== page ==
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Monthly Archives: June 2012


Guetta (pronounced “Goo-tah”) was served for breakfast during the winter until we ran out.  Guetta is made by first boiling off the really bony pieces of beef (or pork, sometimes) like the neck and organ meats, grinding the meat and returning it to the “soup”, then thickening the mixture with oatmeal.  It was stored in 3 gallon or 5 gallon stone crocks and kept in the cellar.  Early in the morning Mom would go to the cellar and scoop out a frying pan full of Guetta, put it on the gas burning stove to warm and usually get a yummy crust on the bottom of the pan.  I usually ate a serving of it over a slice of home-made white bread along with a glass of fresh milk.  I always loved fresh warm milk almost straight from the cow.  (When I tell people that they are usually like “Ewwww”, but I don’t care. I like it).

Since Mom spoke broken English (term used in the day for someone whose second language was English), the “r” at the end of a normal word wasn’t often pronounced.  Think “but-ta” for “butter”.  I assumed that what Mom was saying was actually “gutter”.  Now, telling your friends you had “gutter” for breakfast just wouldn’t do.  My sister said to refer to it as “head-cheese”.  I can’t say that sounded particularly more refined, but probably better than “gutter”.

My best friend, Wilma, came from north central Kansas in a German Lutheran community.  When I described “Guetta” to her, she knew what I meant.  “We call it ‘Knip’ and we eat it with syrup on top,” she said.  Eventually I read something in a magazine about something in Philadelphia that they call “Scrapple”.  I don’t think I ever read this clipping in Mom’s cookbook referring to Scrapple, but here it is.  I think Mom thought it was interesting that it could be made with chicken.


Someone was asking about scrapple, and I guess most folks think of it as being a cornmeal much with bits of pork or cracklings in it, and that is a very good kind; but I also make it with chicken. When we freeze our chickens, we put up some packages of just necks and backs, to use for soup, sandwich meat, etc.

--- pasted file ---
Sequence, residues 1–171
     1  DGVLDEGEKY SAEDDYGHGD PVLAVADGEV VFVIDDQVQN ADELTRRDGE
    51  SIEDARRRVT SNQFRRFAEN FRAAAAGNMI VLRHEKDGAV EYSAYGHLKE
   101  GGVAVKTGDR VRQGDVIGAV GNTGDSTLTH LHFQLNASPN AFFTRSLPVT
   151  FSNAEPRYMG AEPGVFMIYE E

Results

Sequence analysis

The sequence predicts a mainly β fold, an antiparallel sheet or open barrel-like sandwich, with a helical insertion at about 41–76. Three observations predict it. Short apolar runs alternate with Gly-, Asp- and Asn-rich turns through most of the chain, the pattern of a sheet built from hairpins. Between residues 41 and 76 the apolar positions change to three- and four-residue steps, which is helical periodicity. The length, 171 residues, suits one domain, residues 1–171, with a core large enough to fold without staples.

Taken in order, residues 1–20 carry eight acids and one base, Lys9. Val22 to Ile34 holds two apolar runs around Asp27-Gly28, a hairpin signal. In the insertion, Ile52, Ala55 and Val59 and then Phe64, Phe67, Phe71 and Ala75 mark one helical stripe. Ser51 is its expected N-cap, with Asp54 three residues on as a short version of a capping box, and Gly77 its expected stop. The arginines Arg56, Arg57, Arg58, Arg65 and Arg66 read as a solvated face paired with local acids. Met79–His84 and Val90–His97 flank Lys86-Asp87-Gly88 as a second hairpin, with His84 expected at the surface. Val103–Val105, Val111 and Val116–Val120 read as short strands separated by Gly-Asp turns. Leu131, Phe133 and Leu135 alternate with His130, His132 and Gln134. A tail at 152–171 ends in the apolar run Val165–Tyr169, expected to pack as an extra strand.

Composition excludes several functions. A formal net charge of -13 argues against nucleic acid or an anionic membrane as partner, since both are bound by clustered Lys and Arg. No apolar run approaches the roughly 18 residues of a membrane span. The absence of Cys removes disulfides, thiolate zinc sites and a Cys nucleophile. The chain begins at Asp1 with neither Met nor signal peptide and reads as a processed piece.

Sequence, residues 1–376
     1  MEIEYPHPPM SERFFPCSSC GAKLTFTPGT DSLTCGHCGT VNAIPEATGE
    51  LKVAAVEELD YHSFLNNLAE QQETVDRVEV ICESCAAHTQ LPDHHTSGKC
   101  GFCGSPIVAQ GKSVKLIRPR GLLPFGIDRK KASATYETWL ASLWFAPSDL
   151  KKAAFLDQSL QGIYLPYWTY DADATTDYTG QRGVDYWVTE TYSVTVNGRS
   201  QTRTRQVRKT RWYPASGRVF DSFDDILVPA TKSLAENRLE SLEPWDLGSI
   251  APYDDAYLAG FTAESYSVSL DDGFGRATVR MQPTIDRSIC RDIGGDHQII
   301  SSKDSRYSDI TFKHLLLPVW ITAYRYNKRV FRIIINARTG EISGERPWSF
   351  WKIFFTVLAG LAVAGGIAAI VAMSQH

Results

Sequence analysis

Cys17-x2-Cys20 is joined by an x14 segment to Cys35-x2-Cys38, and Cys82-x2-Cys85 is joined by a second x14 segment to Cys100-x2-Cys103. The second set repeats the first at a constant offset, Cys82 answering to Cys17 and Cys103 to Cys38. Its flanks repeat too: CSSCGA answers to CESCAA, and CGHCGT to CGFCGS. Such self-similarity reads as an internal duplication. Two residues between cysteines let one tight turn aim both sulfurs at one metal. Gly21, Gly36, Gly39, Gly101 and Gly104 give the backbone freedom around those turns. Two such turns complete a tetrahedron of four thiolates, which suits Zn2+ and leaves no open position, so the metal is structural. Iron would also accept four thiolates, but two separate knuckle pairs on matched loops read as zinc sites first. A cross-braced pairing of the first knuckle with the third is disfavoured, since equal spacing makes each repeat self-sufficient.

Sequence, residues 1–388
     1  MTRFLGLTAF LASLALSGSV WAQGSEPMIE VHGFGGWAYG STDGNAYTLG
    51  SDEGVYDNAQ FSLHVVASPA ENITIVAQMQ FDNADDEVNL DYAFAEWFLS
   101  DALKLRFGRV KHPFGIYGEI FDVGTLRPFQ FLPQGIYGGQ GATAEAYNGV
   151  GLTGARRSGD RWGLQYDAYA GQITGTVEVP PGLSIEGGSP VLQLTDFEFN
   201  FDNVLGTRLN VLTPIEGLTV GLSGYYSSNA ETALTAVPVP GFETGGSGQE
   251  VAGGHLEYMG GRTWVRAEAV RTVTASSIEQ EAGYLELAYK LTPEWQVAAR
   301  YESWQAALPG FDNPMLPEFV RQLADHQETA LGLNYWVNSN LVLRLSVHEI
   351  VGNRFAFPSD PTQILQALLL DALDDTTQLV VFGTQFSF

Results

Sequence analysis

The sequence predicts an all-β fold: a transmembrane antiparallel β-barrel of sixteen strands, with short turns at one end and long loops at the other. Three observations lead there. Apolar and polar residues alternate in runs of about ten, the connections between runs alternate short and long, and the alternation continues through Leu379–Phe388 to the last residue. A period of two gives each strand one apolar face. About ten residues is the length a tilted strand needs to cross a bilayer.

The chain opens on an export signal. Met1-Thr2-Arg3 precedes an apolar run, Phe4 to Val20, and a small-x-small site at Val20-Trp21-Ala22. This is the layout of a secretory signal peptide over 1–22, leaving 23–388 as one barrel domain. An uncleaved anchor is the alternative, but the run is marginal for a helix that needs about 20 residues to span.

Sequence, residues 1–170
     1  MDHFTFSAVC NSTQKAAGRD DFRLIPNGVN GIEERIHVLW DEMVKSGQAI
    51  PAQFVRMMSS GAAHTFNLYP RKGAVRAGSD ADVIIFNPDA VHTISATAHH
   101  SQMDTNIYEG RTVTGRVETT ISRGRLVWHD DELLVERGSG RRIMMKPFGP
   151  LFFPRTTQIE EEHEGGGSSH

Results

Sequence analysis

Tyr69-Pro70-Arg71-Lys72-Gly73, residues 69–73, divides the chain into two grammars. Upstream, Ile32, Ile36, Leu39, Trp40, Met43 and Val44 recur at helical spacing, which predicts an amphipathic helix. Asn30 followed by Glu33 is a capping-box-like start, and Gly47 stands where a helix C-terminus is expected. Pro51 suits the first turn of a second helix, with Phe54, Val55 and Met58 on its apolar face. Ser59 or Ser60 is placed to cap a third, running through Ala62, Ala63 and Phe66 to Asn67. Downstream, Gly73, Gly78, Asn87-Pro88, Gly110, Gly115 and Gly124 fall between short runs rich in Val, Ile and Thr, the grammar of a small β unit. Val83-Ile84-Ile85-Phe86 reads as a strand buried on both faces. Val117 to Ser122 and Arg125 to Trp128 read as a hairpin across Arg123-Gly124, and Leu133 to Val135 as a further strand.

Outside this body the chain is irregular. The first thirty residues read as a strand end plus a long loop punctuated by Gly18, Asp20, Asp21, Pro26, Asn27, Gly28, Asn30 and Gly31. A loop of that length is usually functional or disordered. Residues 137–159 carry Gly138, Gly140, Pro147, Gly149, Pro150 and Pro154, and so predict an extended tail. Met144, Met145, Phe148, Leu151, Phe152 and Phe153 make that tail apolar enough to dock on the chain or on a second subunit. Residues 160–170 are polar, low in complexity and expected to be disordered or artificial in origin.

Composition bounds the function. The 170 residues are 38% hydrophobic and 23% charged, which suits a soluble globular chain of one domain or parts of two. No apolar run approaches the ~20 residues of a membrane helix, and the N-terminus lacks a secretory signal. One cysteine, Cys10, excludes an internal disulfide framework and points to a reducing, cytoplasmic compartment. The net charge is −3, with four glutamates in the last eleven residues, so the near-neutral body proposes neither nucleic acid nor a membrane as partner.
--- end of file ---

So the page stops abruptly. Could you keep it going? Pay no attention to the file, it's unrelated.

Sometimes I cook up a package of these bony parts, save and strain the broth and add enough water, if needed, to make the amount of mush I want to make.  I take the meat from the bones, discarding skin, and set aside  Then I make the must and cook for about 15 minutes, than add the chicken bits (you can grind them in a food chopper if you prefer), and season well with salt, pepper, and whatever you like, and cook 15 minutes longer.

Then pour into a loaf pan and cool.  Place in  refrigerator over night, or at least for several hours.  We like it for breakfast.  Slice in half-inch slices and fry brown in hot fat.  Serve with butter and syrup.  If you happen to have some chicken fat to fry it in, that is fine, but most any good sweet fat will do; pork or beef or vegetable oil.

Hmmmmm….any good sweet fat…. pork fat rendered is “lard”, from beef fat rendered is “tallow”….vegetable oil……what would be a fat that isn’t “sweet”…..and how would it be classified…bitter?….sour?….hmmmm


Her Fried Chicken

Getting baby chicks was always an exciting part of the farm year for me.  Mom had to order them and bring them home in cardboard crates.  She usually ordered at least 200 baby chicks or more, some pullets and others for butchering; the majority of those chickens ended up on our table, but pullets were going to replace older chickens culled out from the flock last fall.  The baby chicks were moved to the brooder house, a really small wooden building Dad built.  The first week they lived under the brooder stove, a conical-shaped aluminum device that radiated heat underneath its cone.  A corrugated cardboard perimeter was also set up for those first days until the chicks began to get their feathers.  

As they grew, they weren’t as cute which is a good thing because so many were going to end up on our dinner table.  Early summer daily routine was chicken for dinner, so as were doing chickens for our meal we were also putting up chickens for the freezer. Mostly Mom pan-fried chicken and finished it in the oven.  It was understood that I, as the youngest, always got a leg and the gizzard.  I don’t know what pieces were the privilege of my sisters, but I still like a fried chicken leg and the gizzard.

Here’s a clipping in the style of the Drovers Telegram so I’m assuming that’s the source.  Mom didn’t really do casseroles, so I’m thinking she collected this one as merely “interesting”.

Her Fried Chicken